In what has unquestionably been an even bigger undertaking than ranking the Final Fantasy games, its time to look back now at an astonishing 40 years(!) of history where Dungeons & Dragons was translated into the electronic medium.
To keep this manageable and less than 100 pages long, I'm going to skip the iOS/handheld games, as well as anything that's a MMORPG. Although there were some Intellivision games in the 70's, I'm essentially starting this list with Pool Of Radiance, which is the first title people are likely to have actually played and still have access to today.
When looking back through the many D&D games to hit PCs or consoles, there's an interesting tradition of publishing vastly different games with the same name, which is perhaps sustained by how the same material has to be re-tread repeatedly as new editions of the tabletop game are released over time.
For instance, if you were only born in the last 20 years or so, you probably did a double take when I mentioned Pool Of Radiance as the first real D&D game. That's because I'm referring to the '88 PC title, not the 3D game of the same name that tried out the 3rd edition rules back in 2001. Likewise, the name Neverwinter Nights means very different things to millenials than it does to people who had AOL back in '91.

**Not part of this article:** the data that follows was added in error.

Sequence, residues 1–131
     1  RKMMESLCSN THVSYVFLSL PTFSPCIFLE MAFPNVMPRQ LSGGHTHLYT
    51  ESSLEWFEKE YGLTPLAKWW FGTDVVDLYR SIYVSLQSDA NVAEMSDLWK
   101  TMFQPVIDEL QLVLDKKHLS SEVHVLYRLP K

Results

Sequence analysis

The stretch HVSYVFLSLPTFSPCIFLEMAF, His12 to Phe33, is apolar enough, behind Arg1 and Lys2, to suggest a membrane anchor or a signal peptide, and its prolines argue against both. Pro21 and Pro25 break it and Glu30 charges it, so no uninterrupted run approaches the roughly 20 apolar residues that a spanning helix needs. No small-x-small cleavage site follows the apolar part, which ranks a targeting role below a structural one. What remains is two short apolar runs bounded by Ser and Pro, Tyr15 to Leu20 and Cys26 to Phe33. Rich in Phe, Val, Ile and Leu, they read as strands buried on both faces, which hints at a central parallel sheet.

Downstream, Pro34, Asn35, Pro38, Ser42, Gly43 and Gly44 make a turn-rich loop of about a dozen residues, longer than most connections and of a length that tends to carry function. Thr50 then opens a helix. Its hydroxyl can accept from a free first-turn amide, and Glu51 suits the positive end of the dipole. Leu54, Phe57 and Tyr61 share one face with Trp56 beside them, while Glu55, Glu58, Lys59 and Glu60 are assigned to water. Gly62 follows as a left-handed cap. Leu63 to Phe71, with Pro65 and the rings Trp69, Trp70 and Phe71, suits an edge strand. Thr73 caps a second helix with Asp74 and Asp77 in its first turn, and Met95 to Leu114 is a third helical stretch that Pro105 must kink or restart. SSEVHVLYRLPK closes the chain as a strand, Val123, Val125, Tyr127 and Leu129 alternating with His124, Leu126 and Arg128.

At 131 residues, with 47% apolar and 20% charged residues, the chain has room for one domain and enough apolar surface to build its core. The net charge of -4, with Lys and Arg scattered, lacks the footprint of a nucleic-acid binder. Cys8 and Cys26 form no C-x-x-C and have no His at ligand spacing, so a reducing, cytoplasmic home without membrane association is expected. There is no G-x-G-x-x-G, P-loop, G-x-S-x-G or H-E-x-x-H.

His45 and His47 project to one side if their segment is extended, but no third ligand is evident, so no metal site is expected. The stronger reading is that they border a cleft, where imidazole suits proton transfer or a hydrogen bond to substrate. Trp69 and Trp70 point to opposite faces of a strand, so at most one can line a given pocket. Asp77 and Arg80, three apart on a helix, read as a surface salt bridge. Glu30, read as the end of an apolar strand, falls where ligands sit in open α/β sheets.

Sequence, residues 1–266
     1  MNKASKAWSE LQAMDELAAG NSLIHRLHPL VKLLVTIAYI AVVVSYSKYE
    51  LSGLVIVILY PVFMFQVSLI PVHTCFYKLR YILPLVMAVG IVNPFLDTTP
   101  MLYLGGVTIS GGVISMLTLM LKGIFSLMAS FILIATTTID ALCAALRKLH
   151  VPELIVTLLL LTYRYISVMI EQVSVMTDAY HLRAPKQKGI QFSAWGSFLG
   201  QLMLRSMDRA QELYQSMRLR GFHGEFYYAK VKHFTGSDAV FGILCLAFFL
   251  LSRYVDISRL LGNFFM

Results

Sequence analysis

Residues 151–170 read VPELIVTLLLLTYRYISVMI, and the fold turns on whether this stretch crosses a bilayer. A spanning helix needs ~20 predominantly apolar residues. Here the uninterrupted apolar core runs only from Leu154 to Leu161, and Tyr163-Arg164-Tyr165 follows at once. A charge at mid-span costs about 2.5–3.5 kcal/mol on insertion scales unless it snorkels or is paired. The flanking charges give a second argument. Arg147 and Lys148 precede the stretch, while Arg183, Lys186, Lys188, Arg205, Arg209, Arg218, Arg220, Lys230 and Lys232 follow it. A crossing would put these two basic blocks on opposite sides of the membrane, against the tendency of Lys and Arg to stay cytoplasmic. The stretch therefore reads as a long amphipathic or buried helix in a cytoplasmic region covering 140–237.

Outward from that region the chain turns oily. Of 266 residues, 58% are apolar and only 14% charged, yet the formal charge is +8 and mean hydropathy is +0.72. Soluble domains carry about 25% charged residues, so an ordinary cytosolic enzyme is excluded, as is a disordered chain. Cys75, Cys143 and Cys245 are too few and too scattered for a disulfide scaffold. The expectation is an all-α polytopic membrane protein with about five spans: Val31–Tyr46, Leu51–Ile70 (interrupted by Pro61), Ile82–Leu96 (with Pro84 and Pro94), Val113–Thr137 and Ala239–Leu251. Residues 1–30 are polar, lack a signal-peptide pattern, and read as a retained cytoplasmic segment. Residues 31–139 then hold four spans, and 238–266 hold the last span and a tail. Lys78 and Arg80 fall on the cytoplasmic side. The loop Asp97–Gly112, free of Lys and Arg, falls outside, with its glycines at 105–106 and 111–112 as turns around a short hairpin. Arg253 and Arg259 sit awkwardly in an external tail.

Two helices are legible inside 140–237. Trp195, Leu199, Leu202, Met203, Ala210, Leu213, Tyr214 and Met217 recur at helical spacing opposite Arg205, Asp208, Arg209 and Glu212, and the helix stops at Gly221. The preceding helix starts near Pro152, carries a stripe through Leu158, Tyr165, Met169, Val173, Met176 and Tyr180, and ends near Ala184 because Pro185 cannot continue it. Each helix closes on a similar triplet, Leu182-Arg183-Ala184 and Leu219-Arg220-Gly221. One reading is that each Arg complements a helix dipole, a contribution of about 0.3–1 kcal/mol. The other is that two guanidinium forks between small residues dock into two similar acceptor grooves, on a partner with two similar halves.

From the basic D&D rules through five or more major overhauls, each edition of the game has made its mark with computer or console titles, and they all had varying levels of success. The only major exception to that rule was oddly with the 4th edition ruleset, which for reasons no one really understands was entirely skipped on the video game front. Frankly, the move didn't make any sense, as that ruleset was much more suited for an electronic presentation than either AD&D or 3rd edition Dungeons and Dragons, which have the bulk of the video game titles.
Lately it seems like the golden age of D&D games is over, ending not too long after the demise of the Infinity Engine. I'm holding out hope though that somewhere down the line, Wizards of the Coast will give the license to a developer with a deep love of the game who is eager to rise to the occasion and give us something as good as Baldur's Gate once again.